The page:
Aerial view of stacked shipping containers at the Yangshan Deepwater Port, the world’s largest automated container terminal, on May 21, 2021 in Shanghai, China.
CGV | Visual Group China | Getty Images
Recent turmoil surrounding the banking sector in the United States and Europe has made China a “relatively safe haven” this year, Citi economists said in a Thursday note.
Investor sentiment towards China was weighed down last year by Covid controls and regulatory uncertainty. Now those checks have ended and policymakers have sent clearer signals about regulation.
“Momentum in activity could pick up further from here, with auto sales improving and real estate sales stabilizing,” Citi economists said.
They said China could be an exception among its global peers to see accelerated expansion, giving the country a “blanket” for growth as economies in the United States and Europe face heightened risk of financial disruption. .
“We have long discussed our view that China can be a major growth hedge this year – if anything, the recent global banking strains may have bolstered this thesis,” said a team led by Citi’s chief economist for China, Xiangrong Yu.
“China could at least be a relative ‘safe haven’ given its growth premium, financial strength, political discipline and the new round of political economy,” Citi economists said.
They wrote that the latest actions such as the People’s Bank of ChinaThe decision to cut its reserve requirement ratio showed “the assurance of political support amid global volatilities”.
The RRR is a measure of how much cash banks in China need to have on hand. The PBOC said that starting March 27, it would cut most banks’ ratio by 25 basis points. Since the start of the pandemic, mainland China has maintained relatively loose monetary policy while not announcing major stimulus packages, such as large cash handouts to consumers.
“Perhaps learning from what the United States has been through in recent years, the PBoC has been cautious in easing even during the pandemic era and could quickly shift to a wait-and-see mode once growth subsides. back on track,” the economists at Citi wrote.
They also noted Chinese government restructuring beginning of the month is an example of its efforts to mitigate financial risk.
“This year, Beijing is determined to keep local government debt risks at bay, for which we believe it has sufficient tools,” the economists wrote.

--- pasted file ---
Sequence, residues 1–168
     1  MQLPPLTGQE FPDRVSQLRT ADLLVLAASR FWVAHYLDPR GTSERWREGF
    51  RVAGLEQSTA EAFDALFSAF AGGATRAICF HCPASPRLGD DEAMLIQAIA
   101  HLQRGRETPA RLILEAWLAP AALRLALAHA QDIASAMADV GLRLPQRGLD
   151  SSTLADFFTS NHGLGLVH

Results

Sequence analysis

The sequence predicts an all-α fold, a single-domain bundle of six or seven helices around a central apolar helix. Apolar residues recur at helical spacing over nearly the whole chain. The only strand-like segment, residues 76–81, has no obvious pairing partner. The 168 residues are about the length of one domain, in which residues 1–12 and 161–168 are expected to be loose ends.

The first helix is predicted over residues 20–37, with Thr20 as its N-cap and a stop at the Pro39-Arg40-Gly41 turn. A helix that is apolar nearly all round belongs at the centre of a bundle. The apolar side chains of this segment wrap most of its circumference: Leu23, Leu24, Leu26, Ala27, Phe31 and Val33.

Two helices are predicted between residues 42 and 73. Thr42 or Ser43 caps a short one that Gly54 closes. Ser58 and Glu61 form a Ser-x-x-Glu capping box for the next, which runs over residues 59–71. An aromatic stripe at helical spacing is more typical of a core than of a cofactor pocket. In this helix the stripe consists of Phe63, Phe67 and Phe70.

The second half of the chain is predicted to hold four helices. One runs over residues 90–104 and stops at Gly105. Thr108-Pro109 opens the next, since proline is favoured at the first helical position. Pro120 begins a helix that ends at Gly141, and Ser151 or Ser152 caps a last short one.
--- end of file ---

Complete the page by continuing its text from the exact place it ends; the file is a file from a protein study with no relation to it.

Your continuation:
Yuan to strengthen
While China’s GDP is expected to show relatively exceptional growth this year, economists also see a rise in its currency – Citi expects to see onshore yuan strengthen to 6.6 against the US dollar as of September. This would take the currency to its highest levels since April last year.
“With unintended and unwanted aggressive interest rate hikes surfacing overseas, capital inflows into China could pick up after trade reopens if the recovery thesis materializes and policy reassessment continues steadily.” , wrote the Citi economists.
“We still believe that China’s inflow party is not over yet and expect USDCNY to rise to 6.6 in 6-12 months,” they said.
This view is further supported by a falling greenback: US Fed Chairman Jerome Powell on Wednesday noted as rate hikes come to an end, with the U.S. dollar index falling further on Thursday to hit a low of 101.915 overnight. The index is down about 1.4% since the start of the week.
“Net positive” regulatory environment
The landscape in China is very different from what is happening in the United States and other countries due to rapid rate hikes, Lawrence Lok, chief financial officer of wealth manager Hywin, told CNBC in an interview. telephone.
Regarding regulatory developments, he said his firm sees a clear effort by Beijing to increase the ability of foreign financial institutions to participate in the local market.
“Net-net, the regulatory environment is currently a net positive for the financial sector in China,” Lok said.
“Maybe it’s not so friendly for some industries like high tech, but I think [for] the financial sector, we are quite positive,” he said.
Hywin had over 36,700 active clients at the end of December and the equivalent of over $1 billion in assets under management.
– CNBC’s Gina Francolla contributed to the report.